Sunday, Oct. 6, 2002
The way I see it
To the editor:
In a few weeks America will have the most important election within my lifetime of 74 years. All responsible voters should realize how this election will influence our family, our religion and our government.
I find that adult people, generally speaking, fall within one of two categories. Conservatives or liberals.
Conservatives place God first, then their family, their community, their state, their nation and then the world and in that order.
Liberals do the direct opposite.
Conservatives know that God made them in His own image and tend to know Him in a personal sort of way. God has the answers. They don't.
Liberals have a tendency to make God in their image. They seem to look at God as an abstraction, a separate entity and generally do not think of God as a person. They seem to have all the answers anyway.
Conservatives tend to be responsible, moderate, prudent, cautious and traditional in manner and style; a natural tendency to conserve and preserve whatsoever is tried and true within their religion, family and their government.
Liberals actually believe themselves to be superior to everyone else. They are elitists and relish and enjoy a constant state of change. There seems to be a dissatisfaction way down deep inside themselves, a desire for inferior people to rely upon them for their very existence. This elitist attitude is prevalent within their religion, family and government.
Conservatives believe in the Judeo/Christian principles of our Constitution and always practice an "atmosphere of cooperation" concerning the Bill of Rights and religion.
Liberals, all of them that I know, are seeking a secular government devoid of God in every which way, shape, manner or form.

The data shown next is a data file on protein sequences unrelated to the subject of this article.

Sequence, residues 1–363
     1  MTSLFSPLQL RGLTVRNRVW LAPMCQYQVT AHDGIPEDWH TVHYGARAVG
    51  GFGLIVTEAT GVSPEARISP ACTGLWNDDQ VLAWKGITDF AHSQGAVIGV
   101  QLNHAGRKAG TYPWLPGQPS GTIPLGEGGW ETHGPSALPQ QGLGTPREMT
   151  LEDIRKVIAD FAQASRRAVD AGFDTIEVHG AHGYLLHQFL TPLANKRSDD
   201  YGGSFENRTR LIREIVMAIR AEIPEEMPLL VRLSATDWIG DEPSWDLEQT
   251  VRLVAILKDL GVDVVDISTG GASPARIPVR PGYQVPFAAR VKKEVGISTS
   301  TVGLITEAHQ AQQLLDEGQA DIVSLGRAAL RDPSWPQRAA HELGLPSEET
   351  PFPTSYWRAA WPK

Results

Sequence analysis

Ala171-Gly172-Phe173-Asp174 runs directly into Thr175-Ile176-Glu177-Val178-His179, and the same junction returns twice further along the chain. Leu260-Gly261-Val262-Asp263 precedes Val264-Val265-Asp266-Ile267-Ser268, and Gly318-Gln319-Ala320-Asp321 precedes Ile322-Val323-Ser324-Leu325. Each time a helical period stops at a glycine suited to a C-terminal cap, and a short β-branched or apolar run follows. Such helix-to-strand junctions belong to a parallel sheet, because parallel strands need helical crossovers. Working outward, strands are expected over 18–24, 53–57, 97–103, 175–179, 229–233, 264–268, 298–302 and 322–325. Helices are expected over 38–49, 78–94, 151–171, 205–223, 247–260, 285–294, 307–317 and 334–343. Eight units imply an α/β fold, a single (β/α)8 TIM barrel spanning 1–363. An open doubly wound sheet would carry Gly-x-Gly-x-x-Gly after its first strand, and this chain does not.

Conservatives are overwhelmingly supporting our commander-in-chief in the war on terrorists.
Liberals seem to be more concerned about promoting immoral and decadent social sins our enemies use to become what they are terrorists.
That is the way I see it. You be the judge.
being used' by big business
To the editor:
Those of us who have followed the special session day to day are becoming increasingly aware that our medical community has been used to front the agenda of multi-national pharmaceutical companies and out of state insurance companies seeking "tort reform" to benefit their own bottom lines.
There may indeed be a medical malpractice insurance premium crisis, but there is no medical civil justice crisis. If there were, then the doctors would have welcomed the offer of increased protection against frivolous lawsuits, good samaritan immunity, venue changes and changes to joint and several liability, all provisions of the House conferees' most recent proposal. Instead, the doctors joined big business and pharmaceutical interests in the Senate and rejected that proposal.
Make no mistake the ultimate goal of Mississippians for Economic Progress, the United States Chamber of Commerce and their ilk is to increase business profits at the expense of the injured, maimed, killed or robbed citizens of this state. And they are using doctors and our medical community to further that plan.
I hope the doctors understand what they are being asked to give up to help further the cause of international business.
David W. Baria
President, Mississippi Trial Lawyers Association